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Neurobiol Dis. 2015 May;77:155-64. doi: 10.1016/j.nbd.2015.03.009. Epub 2015 Mar 14.

Circadian rhythm disruption in a mouse model of Rett syndrome circadian disruption in RTT.

Author information

1
Laboratory of Circadian and Sleep Medicine, Department of Psychiatry, University of California, Los Angeles, 760 Westwood Plaza, Los Angeles 90095-1759, USA; Department of Psychiatry, University of California, Los Angeles, Box 957332, 635 S. Charles E. Young Dr, Los Angeles, CA 90095-7332, USA; Molecular, Cellular and Integrative Physiology Program, University of California, Los Angeles, Los Angeles, CA 90095, USA.
2
Laboratory of Circadian and Sleep Medicine, Department of Psychiatry, University of California, Los Angeles, 760 Westwood Plaza, Los Angeles 90095-1759, USA.
3
Department of Psychiatry, University of California, Los Angeles, Box 957332, 635 S. Charles E. Young Dr, Los Angeles, CA 90095-7332, USA.
4
Department of Psychiatry, University of California, Los Angeles, Box 957332, 635 S. Charles E. Young Dr, Los Angeles, CA 90095-7332, USA. Electronic address: ysun@mednet.ucla.edu.
5
Laboratory of Circadian and Sleep Medicine, Department of Psychiatry, University of California, Los Angeles, 760 Westwood Plaza, Los Angeles 90095-1759, USA. Electronic address: ccolwell@mednet.ucla.edu.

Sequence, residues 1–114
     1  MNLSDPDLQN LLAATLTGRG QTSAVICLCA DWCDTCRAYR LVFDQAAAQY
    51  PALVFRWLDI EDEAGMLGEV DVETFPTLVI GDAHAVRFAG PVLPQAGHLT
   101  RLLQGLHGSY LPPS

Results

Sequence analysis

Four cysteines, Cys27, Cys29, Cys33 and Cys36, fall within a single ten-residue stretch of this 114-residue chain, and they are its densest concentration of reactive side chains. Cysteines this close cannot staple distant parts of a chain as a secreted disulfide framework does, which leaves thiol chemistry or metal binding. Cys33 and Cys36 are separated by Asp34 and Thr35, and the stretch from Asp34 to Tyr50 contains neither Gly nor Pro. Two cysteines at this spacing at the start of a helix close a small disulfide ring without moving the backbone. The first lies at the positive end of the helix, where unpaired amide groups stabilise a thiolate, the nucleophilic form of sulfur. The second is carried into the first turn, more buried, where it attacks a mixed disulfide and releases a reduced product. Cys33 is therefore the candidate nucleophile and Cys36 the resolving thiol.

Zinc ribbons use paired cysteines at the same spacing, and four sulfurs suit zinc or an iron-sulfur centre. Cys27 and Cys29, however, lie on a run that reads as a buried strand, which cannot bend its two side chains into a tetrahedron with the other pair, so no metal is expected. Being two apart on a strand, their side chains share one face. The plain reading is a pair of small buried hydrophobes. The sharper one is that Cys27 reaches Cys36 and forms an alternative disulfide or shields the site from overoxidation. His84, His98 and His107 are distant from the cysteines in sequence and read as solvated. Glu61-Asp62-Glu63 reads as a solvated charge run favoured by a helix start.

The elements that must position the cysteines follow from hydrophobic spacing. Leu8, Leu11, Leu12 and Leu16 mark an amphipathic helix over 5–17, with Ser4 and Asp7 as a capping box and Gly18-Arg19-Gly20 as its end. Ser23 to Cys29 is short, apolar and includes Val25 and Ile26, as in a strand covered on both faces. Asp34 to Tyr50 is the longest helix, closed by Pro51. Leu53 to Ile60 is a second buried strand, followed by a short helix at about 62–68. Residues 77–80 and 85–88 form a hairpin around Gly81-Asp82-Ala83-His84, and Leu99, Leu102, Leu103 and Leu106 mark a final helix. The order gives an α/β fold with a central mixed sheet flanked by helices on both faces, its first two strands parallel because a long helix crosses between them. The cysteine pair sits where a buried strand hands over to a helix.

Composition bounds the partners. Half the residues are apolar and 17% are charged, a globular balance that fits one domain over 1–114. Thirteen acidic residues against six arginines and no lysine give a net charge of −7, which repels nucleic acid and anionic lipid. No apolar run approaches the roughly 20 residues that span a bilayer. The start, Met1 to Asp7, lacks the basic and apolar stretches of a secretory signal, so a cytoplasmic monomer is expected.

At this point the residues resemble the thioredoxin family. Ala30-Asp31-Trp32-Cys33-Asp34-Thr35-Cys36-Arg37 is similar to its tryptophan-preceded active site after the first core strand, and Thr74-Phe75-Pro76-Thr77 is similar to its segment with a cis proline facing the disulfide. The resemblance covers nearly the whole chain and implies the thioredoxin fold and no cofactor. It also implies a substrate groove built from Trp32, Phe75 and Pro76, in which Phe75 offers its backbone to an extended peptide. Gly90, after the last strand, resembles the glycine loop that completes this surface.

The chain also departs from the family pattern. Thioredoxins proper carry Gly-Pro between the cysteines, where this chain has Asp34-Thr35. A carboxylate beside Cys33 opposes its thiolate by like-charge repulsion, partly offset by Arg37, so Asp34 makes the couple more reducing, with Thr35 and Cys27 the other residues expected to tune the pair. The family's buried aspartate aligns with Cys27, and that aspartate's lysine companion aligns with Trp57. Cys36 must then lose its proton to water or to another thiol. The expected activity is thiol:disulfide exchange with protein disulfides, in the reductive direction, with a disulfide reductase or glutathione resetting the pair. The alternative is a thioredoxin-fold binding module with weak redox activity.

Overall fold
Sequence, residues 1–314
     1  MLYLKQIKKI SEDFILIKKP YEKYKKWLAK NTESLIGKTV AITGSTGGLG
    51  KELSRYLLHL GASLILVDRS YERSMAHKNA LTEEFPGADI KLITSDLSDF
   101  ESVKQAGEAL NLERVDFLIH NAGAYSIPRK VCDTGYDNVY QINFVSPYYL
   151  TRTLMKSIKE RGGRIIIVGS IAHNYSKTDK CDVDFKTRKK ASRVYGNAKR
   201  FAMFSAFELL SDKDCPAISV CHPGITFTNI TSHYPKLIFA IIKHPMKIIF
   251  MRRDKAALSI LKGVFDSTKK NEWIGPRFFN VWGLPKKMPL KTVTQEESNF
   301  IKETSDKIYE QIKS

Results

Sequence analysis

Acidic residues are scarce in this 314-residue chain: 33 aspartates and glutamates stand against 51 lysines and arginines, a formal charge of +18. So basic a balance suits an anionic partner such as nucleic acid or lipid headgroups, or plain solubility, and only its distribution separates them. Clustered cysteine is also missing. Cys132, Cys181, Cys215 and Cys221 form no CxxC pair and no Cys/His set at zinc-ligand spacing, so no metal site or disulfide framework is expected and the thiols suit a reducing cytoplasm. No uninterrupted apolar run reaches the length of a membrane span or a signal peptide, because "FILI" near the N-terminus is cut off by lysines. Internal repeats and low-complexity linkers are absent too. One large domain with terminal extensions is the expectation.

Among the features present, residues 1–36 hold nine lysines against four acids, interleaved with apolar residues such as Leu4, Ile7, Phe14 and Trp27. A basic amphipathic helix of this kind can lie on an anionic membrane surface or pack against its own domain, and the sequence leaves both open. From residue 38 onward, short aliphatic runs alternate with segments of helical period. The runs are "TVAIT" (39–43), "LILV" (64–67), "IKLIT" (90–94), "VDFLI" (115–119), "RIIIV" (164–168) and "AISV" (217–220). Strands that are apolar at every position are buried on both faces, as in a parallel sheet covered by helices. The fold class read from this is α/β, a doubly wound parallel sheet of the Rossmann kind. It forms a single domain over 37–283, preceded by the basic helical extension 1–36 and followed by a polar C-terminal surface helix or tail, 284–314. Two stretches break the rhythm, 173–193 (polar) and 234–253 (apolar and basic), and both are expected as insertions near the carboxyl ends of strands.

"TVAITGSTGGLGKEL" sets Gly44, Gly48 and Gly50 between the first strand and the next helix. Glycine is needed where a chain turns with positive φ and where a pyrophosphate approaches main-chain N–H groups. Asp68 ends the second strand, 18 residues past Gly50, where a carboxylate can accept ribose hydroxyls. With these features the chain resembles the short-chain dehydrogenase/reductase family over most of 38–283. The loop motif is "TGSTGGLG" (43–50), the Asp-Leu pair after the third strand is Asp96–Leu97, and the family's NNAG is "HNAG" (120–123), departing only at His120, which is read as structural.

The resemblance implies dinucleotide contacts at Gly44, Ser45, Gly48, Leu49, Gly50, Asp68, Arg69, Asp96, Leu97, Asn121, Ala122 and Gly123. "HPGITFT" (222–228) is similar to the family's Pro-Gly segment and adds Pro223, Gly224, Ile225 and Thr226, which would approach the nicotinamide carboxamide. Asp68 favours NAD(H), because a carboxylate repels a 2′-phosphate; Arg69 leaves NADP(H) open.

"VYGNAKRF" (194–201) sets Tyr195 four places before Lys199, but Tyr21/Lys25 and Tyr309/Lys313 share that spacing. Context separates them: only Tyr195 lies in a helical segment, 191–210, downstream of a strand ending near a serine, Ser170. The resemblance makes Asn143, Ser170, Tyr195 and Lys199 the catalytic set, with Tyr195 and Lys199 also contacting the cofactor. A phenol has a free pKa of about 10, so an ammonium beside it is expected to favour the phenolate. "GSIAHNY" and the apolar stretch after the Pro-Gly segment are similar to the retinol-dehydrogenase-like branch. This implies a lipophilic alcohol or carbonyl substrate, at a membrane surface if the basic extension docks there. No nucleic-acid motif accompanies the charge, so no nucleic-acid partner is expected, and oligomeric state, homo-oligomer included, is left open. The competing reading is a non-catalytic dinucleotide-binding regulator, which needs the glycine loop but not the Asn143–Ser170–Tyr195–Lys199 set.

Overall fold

Abstract

Disturbances in the sleep/wake cycle are prevalent in patients with Rett syndrome (RTT). We sought to determine whether the circadian system is disrupted in a RTT model, Mecp2(-/y) mice. We found that MeCP2 mutants showed decreased strength and precision of daily rhythms of activity coupled with extremely fragmented sleep. The central circadian clock (suprachiasmatic nucleus) exhibited significant reduction in the number of neurons expressing vasoactive intestinal peptide (VIP) as well as compromised spontaneous neural activity. The molecular clockwork was disrupted both centrally in the SCN and in peripheral organs, indicating a general disorganization of the circadian system. Disruption of the molecular clockwork was observed in fibroblasts of RTT patients. Finally, MeCP2 mutant mice were vulnerable to circadian disruption as chronic jet lag accelerated mortality. Our finds suggest an integral role of MeCP2 in the circadian timing system and provides a possible mechanistic explanation for the sleep/wake distrubances observed in RTT patients. The work raises the possibility that RTT patients may benefit from a temporally structured environment.

KEYWORDS:

Circadian rhythms; MeCP2; Rett syndrome (RTT); Sleep; Suprachiasmatic nucleus (SCN); VIP

PMID:
25779967
DOI:
10.1016/j.nbd.2015.03.009
[Indexed for MEDLINE]

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